Amy Hadden Marsh
Citizen Telegram Contributor
Rifle, CO Colorado

Back to: News
December 12, 2012
Follow News

'Surprise baby' brings home the honors

Krystal Wright's 4-year old mare, J.B., has the makings of a great horse.

The registered Blue Roan Overo Paint brought home three world-class titles from the American Paint Horse Association's 2012 World Championship Show last month in Ft. Worth, Texas.

J.B., officially known as "Somebodys L'il Rebel," is now the Reserve World Champion Junior Class Working Cow Horse, the Reserve World Champion Cow Horse in the 4- and 5-year old class, and the fourth best tie-down calf-roping horse on the planet.

For Rifle resident Wright, it's a dream come true.

She said she's always wanted to have a horse that she bred go to the world show. Wright's herd of five horses boards with trainer Aaron Ralston on Silt Mesa.

"If I had to choose one to keep," she said, "It would be [J.B.]."

This world-champion horse, however, came from humble beginnings.

"She was a surprise baby," explained Wright. "I didn't know [her dam] was pregnant until about two months before she was born."

Wright also did not purposely breed J.B.'s mom.

"The mare and a stallion got out one night," she said, with a chuckle. "You know, it was one of them long, dark, cold nights."

Then, just a few months after the filly was born, tragedy struck.

The mare suffered a bout of colic and died. But, thanks to the care of Wright and a friend, J.B. thrived.

Ralston has been training J.B. for just over a year. He said he was amazed at the horse's performance in Ft. Worth, as tie-down calf-roping and reining cow horse maneuvers are complicated.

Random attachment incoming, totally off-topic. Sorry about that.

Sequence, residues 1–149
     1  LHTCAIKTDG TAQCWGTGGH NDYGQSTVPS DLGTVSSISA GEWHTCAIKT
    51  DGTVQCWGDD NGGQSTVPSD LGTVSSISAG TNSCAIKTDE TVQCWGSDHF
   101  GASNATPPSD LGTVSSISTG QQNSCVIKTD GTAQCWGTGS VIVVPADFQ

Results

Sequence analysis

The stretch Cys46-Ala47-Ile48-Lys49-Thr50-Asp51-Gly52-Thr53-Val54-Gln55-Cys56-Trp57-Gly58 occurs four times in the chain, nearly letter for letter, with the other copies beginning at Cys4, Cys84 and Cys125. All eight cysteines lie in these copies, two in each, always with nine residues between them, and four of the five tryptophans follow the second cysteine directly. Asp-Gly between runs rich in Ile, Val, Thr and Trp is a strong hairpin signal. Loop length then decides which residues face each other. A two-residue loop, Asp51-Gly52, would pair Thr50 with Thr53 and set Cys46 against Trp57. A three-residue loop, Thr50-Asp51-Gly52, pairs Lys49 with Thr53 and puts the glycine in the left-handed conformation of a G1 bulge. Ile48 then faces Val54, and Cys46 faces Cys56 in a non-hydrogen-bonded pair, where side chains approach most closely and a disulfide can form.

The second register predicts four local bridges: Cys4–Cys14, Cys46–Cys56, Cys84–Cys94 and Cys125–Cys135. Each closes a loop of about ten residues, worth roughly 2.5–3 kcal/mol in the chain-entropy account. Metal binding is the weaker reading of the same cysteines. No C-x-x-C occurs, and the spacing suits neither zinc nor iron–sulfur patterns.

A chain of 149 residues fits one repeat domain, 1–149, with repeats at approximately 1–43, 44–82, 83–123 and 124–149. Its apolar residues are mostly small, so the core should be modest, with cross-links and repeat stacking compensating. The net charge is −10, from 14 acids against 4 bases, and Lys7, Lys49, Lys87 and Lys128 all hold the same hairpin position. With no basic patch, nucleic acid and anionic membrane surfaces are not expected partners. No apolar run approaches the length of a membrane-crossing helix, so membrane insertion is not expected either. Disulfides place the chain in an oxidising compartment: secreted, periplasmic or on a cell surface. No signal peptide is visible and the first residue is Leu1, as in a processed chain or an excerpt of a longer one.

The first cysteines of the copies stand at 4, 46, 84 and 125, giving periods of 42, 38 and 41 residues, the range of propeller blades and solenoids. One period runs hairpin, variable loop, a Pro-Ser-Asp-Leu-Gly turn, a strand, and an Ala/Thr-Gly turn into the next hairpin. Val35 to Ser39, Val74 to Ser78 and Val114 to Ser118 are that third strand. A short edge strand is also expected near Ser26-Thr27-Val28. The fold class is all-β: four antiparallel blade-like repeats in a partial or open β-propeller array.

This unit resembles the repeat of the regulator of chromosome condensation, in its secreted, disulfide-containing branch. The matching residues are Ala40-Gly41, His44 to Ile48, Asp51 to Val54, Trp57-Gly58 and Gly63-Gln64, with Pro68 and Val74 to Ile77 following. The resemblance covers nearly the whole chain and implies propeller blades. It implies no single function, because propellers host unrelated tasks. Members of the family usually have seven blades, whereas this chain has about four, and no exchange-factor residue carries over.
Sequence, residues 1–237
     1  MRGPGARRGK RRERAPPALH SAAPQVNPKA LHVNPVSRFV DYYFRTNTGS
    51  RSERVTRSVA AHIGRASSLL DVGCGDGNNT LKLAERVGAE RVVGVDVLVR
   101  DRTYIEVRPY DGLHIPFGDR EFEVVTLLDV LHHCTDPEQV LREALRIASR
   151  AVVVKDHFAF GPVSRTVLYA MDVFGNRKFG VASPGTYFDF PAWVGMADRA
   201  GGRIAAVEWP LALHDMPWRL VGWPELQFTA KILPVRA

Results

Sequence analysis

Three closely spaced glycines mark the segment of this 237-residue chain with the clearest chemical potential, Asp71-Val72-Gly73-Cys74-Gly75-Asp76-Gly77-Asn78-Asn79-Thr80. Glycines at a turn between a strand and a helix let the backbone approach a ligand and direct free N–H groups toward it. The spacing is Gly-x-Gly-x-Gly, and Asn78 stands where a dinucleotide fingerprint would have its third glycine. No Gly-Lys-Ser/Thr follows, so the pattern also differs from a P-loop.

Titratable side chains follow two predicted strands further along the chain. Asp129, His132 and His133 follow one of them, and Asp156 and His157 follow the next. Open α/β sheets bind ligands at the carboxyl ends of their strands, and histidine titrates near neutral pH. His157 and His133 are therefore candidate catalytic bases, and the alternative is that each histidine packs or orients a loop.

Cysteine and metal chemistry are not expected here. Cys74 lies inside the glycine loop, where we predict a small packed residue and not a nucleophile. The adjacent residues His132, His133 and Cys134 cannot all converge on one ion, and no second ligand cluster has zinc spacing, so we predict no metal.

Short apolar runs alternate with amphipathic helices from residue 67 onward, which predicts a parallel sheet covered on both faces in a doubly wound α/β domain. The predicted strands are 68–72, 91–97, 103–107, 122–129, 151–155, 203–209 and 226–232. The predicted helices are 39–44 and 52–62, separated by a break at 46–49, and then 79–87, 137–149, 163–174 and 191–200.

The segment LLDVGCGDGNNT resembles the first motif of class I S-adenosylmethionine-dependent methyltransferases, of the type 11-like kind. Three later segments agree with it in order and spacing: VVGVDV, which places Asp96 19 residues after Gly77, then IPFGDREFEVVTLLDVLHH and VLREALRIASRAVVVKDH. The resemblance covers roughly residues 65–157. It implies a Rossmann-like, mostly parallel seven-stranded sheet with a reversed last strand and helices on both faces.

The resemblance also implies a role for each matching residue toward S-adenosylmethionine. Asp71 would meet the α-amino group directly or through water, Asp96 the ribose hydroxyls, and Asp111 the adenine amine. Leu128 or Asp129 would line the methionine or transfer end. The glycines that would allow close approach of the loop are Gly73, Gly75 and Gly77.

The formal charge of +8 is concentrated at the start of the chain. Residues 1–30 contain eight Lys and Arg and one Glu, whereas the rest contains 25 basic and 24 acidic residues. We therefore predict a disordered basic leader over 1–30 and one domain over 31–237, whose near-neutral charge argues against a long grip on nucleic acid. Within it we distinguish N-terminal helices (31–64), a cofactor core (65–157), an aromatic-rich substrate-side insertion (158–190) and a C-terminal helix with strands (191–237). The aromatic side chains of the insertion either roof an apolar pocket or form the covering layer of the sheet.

"Usually, horses have a minimum of 18 to 24 months [of training] and they compete in one event, not three," he said. "It's a testament to J.B. to be able to mentally accept all these different jobs."

Ralston explained that J.B. was a little stubborn and defiant when training began, but once she understood what was being asked of her, that stubbornness turned into willingness.

"That's her X-factor," said Ralston. "She never got scared or mad. She just showed up every day to do the work."

Ralston said show horse owners spend big money to buy or breed horses with big pedigrees.

"J.B. is none of that," he said.

She's had to work her way up.

"It's a rags-to-riches story," said Ralston. "J.B.'s got the confirmation, mentality, and physical ability to where, hopefully, we'll start seeing that in her babies some day."

Stories you may be interested in

The Post Independent Updated Dec 12, 2012 06:27PM Published Dec 12, 2012 06:23PM Copyright 2012 The Post Independent. All rights reserved. This material may not be published, broadcast, rewritten or redistributed.